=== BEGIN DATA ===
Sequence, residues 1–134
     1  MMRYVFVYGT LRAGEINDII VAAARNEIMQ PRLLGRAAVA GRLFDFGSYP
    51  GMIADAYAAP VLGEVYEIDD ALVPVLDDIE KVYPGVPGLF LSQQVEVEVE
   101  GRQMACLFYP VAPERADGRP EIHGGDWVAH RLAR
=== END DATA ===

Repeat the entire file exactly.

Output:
Sequence, residues 1–134
     1  MMRYVFVYGT LRAGEINDII VAAARNEIMQ PRLLGRAAVA GRLFDFGSYP
    51  GMIADAYAAP VLGEVYEIDD ALVPVLDDIE KVYPGVPGLF LSQQVEVEVE
   101  GRQMACLFYP VAPERADGRP EIHGGDWVAH RLAR